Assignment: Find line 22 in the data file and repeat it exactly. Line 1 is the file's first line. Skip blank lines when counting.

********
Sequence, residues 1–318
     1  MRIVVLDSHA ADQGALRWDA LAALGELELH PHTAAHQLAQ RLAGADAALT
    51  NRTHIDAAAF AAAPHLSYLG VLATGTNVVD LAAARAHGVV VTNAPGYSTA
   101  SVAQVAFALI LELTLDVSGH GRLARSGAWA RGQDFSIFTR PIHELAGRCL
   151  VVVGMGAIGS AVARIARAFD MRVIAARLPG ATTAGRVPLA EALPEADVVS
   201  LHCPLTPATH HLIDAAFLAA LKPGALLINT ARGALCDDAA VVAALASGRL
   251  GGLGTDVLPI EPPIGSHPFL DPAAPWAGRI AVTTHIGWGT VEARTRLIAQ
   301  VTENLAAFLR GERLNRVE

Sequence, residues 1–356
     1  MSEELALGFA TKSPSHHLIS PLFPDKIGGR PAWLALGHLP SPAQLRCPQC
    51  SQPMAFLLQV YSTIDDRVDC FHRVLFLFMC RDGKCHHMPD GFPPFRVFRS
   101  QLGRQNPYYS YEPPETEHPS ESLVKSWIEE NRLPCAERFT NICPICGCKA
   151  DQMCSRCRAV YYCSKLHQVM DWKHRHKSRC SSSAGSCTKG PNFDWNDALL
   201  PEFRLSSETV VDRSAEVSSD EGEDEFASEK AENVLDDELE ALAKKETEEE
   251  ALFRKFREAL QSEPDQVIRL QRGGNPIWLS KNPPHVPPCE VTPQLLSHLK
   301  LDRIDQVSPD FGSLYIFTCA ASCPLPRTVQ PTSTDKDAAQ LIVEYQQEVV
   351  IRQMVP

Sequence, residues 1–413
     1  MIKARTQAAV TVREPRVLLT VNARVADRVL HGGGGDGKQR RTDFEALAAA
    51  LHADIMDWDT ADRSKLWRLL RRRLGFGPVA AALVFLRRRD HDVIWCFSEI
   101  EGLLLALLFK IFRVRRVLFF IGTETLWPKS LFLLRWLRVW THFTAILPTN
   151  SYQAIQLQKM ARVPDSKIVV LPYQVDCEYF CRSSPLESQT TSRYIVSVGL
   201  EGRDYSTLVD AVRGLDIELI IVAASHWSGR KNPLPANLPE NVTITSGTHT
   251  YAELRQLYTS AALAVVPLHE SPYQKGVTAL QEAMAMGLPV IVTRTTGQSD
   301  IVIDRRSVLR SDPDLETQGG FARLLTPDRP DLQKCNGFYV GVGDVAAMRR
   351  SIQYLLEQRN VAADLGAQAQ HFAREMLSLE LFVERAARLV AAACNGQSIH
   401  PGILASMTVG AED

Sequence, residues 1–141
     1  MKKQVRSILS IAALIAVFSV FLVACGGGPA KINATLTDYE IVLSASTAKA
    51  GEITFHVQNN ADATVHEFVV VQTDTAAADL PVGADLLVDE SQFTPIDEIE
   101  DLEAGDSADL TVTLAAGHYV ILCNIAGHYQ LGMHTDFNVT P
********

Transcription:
   151  SYQAIQLQKM ARVPDSKIVV LPYQVDCEYF CRSSPLESQT TSRYIVSVGL